9. A system according to claim 7 wherein the function is a sigmoidal function.
10. A system according to claim 7 wherein the normalized signal vector has a symmetric shape.
11. A system according to claim 7 wherein the normalized signal vector is normalized between -1 and 1.
12. A system according to claim 1
and wherein the processing element includes means for limiting the signal values of the signal vector according to prescribed criteria.
13. A blood component collection system comprising
a chamber holding blood comprising a first blood component region, a second blood component region, and an interface region between the first and second blood component regions,
an outlet path communicating with the chamber to convey at least one of the first blood and second blood component regions from the chamber,
at least three spaced apart sensing units arranged along the chamber, each of the sensing units sensing the attenuation of energy emitted into the blood within the chamber and generating a signal relating to the attenuation, at least one of the sensing units being located above the interface region and at least one of the sensing units being located below the interface region, and
a processing element coupled to the sensing units that locates the sensing unit closest to the interface region, while the outlet path conveys the at least one blood component region from the chamber, by following the steps of converting the signals to a signal vector of signal values having a shape approximated by a function, normalizing the signal vector, creating a vector of convolution signal values by multiplying the normalized signal vector by the function, and identifying the sensing unit associated with the highest convolution signal value.
14. A system according to claim 13
wherein the processing element includes an output controlling conveyance through the outlet path based, at least in part, upon identifying the sensing unit associated with the highest convolution signal value.
15. A system according to claim 13
and wherein the processing element performs the step of limiting the signal values of the signal vector according to prescribed criteria.
16. A system according to claim 13 wherein the function is a sigmoidal function.
17. A system according to claim 13 wherein the normalized signal vector has a symmetric shape.
18. A system according to claim 13 wherein the normalized signal vector is normalized between -1 and 1.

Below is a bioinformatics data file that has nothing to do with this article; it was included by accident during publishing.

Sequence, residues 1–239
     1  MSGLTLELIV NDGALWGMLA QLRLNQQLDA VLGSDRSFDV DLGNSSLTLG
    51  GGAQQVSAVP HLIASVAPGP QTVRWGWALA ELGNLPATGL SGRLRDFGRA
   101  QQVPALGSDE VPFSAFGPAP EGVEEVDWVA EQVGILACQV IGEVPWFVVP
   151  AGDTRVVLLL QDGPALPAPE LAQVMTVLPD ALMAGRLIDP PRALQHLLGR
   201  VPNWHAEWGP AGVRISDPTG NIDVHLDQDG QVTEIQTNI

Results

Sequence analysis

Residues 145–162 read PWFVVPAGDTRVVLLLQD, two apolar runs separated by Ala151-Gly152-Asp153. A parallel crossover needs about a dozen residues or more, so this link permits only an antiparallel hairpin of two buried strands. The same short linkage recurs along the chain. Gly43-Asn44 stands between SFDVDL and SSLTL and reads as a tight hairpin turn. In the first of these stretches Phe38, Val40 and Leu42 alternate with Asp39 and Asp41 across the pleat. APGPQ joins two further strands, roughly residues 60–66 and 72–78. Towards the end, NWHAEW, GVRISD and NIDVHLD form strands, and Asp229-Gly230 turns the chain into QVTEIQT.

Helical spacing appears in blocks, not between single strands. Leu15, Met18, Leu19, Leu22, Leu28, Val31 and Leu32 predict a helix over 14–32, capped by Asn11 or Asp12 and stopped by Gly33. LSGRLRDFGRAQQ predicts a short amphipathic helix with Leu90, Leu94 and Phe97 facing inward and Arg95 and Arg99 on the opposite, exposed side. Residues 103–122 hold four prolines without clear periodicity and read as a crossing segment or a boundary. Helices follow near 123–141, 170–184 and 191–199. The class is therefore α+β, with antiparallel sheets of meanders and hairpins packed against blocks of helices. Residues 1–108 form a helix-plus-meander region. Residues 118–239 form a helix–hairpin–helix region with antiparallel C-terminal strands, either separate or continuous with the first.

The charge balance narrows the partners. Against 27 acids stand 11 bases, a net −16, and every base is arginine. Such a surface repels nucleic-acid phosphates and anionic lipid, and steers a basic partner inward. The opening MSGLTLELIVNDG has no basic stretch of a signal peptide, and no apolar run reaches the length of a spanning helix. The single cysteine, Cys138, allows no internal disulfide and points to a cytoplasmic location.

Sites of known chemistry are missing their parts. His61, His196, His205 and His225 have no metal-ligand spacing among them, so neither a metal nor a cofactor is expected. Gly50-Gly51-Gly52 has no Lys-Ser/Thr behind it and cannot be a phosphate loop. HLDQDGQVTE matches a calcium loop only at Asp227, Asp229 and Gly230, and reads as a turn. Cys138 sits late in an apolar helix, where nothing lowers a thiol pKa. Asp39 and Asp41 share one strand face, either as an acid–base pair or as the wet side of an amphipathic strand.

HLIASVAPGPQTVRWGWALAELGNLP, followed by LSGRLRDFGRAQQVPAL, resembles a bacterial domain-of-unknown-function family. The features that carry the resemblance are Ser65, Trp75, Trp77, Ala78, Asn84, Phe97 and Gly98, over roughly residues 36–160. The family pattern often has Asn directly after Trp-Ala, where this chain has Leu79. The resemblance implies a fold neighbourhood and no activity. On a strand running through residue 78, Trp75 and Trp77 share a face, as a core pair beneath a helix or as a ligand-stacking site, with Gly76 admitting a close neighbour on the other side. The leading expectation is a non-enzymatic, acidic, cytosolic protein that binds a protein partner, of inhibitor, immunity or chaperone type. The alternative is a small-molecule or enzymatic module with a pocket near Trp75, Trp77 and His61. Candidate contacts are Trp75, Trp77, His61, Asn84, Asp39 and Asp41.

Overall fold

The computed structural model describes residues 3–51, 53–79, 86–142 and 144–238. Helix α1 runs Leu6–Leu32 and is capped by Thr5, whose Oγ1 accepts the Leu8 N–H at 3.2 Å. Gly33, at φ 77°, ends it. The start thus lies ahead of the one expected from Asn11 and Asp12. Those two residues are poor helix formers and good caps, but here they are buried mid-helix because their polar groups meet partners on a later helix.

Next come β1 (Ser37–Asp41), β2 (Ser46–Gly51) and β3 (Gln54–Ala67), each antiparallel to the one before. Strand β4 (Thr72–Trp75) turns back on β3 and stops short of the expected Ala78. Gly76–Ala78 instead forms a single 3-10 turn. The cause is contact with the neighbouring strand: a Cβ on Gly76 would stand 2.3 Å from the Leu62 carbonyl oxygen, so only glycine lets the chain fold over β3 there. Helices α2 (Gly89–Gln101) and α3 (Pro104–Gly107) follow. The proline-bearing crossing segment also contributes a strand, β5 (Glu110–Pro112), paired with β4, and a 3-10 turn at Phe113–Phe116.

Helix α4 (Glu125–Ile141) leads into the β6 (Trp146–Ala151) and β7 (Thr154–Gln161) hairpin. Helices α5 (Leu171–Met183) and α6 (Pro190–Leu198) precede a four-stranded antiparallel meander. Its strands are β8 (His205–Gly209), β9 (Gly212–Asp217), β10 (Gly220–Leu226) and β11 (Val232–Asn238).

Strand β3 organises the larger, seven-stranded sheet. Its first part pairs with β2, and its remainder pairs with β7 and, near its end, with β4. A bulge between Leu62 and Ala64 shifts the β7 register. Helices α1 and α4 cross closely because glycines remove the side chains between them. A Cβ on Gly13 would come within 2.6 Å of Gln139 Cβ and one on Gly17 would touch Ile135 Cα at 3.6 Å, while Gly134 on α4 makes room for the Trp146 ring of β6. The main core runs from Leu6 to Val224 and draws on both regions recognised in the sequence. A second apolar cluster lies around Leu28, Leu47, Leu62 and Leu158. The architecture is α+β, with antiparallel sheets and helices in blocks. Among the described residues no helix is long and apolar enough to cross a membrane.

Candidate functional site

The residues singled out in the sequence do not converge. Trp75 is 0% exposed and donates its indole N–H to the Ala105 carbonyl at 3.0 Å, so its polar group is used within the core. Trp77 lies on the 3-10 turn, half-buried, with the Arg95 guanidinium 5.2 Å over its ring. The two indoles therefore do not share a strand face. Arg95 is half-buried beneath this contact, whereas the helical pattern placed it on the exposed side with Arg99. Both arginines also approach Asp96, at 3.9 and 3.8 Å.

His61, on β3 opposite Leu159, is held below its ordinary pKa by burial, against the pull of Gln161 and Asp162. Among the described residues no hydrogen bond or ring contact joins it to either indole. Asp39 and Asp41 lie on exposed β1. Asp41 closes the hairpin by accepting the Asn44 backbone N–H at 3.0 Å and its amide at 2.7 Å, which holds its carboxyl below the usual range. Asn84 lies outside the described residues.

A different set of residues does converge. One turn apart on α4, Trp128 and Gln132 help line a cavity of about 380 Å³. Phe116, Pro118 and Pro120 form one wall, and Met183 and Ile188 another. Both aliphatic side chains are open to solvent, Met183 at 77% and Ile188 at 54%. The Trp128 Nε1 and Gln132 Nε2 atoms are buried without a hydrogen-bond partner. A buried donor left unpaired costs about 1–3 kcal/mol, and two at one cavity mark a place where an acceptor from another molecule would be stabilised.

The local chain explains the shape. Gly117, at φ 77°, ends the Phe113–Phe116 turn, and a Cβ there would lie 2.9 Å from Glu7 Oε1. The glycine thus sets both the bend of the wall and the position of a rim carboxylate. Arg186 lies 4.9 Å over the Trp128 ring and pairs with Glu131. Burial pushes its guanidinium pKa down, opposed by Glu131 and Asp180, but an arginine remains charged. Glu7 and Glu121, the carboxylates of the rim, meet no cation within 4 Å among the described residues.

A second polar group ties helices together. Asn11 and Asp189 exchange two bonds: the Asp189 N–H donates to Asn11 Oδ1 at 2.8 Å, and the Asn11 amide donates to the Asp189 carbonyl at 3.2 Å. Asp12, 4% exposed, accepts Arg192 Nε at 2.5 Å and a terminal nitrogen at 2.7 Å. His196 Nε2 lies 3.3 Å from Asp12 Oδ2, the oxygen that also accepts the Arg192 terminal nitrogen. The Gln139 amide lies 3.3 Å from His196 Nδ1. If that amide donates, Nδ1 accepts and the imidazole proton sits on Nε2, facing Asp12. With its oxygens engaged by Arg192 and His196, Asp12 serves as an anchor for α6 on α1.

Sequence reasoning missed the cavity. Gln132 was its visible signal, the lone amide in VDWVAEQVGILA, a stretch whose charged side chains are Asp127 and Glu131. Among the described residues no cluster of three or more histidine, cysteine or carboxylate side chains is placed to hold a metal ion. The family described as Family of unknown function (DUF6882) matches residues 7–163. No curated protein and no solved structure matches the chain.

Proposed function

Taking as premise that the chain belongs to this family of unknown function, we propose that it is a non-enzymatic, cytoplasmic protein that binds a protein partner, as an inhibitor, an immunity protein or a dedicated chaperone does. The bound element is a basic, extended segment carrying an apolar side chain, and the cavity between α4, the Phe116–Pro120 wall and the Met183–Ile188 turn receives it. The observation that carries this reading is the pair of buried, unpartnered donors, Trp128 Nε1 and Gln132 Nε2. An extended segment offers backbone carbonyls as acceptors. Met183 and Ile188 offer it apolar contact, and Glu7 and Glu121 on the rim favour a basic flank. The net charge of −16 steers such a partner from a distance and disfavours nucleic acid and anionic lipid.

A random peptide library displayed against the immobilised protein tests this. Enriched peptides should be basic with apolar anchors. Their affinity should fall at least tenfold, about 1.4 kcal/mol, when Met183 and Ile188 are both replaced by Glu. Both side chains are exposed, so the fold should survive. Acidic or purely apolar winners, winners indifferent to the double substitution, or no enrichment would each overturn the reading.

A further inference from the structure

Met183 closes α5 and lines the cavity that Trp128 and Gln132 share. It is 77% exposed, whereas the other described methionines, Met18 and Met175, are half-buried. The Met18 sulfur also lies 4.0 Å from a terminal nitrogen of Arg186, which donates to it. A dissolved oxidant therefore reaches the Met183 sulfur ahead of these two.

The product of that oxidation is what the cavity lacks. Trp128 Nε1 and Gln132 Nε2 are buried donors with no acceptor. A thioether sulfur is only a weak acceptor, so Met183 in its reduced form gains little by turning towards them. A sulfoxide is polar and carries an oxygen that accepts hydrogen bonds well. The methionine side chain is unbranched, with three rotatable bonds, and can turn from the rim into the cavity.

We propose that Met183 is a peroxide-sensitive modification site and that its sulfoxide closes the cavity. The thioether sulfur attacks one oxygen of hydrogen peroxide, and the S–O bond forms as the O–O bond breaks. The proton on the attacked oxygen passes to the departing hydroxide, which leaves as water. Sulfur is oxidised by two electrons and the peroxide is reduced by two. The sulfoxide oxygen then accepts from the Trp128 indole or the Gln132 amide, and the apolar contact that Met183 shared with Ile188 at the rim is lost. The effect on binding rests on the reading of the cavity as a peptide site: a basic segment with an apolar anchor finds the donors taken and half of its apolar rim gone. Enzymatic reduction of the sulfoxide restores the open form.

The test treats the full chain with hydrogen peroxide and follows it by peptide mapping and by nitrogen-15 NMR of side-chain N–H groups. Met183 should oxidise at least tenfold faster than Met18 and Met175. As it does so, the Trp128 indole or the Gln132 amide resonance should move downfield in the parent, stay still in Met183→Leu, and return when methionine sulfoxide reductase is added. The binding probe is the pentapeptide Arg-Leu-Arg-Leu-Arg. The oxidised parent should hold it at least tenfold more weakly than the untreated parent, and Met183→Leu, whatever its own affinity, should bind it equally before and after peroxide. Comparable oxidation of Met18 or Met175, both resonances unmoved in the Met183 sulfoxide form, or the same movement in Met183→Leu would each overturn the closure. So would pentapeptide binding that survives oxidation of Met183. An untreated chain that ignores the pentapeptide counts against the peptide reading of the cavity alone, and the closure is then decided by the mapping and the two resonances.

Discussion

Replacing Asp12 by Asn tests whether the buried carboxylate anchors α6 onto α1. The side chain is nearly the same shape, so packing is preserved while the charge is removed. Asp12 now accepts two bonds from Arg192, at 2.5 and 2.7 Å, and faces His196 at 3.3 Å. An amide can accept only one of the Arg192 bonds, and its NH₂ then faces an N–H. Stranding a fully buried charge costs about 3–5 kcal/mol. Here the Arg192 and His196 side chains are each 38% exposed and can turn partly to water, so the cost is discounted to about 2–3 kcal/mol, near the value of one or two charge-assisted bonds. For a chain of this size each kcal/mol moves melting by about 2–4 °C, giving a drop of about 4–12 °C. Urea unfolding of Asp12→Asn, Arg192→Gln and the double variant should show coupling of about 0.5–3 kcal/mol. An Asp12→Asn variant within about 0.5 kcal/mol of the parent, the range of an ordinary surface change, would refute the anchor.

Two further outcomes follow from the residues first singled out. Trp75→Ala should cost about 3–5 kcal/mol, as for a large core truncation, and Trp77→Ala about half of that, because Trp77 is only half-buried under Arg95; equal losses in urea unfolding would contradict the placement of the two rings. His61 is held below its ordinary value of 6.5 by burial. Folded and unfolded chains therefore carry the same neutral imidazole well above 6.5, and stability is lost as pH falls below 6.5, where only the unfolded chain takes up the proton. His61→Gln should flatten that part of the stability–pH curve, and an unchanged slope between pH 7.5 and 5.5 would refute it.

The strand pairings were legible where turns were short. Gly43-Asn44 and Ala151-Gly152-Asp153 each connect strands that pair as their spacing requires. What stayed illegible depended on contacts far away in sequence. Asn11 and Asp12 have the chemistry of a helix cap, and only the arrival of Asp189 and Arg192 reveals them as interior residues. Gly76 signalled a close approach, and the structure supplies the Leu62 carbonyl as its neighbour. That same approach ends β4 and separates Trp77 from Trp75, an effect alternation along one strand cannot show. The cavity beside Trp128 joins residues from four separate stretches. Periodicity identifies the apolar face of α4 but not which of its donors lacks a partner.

19. A method for monitoring a volume of blood comprising a first blood component region, a second blood component region, and an interface region between the first and second blood component regions comprising the steps of
locating at least three spaced apart sensing units with respect to the blood volume, with at least one of the sensing units located above the interface region and at least one of the sensing units located below the interface region,
sensing with each sensing unit the attenuation of energy emitted into the blood,
generating a signal relating to the attenuation sensed by each sensing unit,
converting the signals to a signal vector of signal values having a shape approximated by a function,
normalizing the signal vector,
creating a vector of convolution signal values by multiplying the normalized signal vector by the function, and
identifying the sensing unit associated with the highest convolution signal value to thereby identify the sensing unit closest to the interface region.
20. A method according to claim 19 and further including the step of limiting the signal values of the signal vector according to prescribed criteria.
21. A method according to claim 19 and further including the step of outputting the identity of the sensing unit associated with the highest convolution signal value.
22. A method according to claim 19 wherein the function is a sigmoidal function.
23. A method according to claim 19 wherein the normalized signal vector has a symmetric shape.
24. A method according to claim 19 wherein the normalized signal vector is normalized between -1 and 1.
Description
FIELD OF THE INVENTION

The invention generally relates to blood collection and processing systems and methods. In a more particular sense, the invention relates to systems and methods for locating interfaces between different blood components.

BACKGROUND OF THE INVENTION

Most of the whole blood collected from donors today is not itself stored and used for transfusion. Instead, the whole blood is separated into its clinically proven components (typically red blood cells, platelets, and plasma), which are themselves individually stored and used to treat a multiplicity of specific conditions and diseased states. For example, the red blood cell component is used to treat anemia; the concentrated platelet component is used to control thrombocytopenic bleeding; and the platelet-poor plasma component is used as a volume expander or as a source of Clotting Factor VIII for the treatment of hemophilia.

During centrifugal blood processing, an interface develops between the red blood cell and plasma components. Leukocytes occupy this interface, which is also referred to as the buffy coat.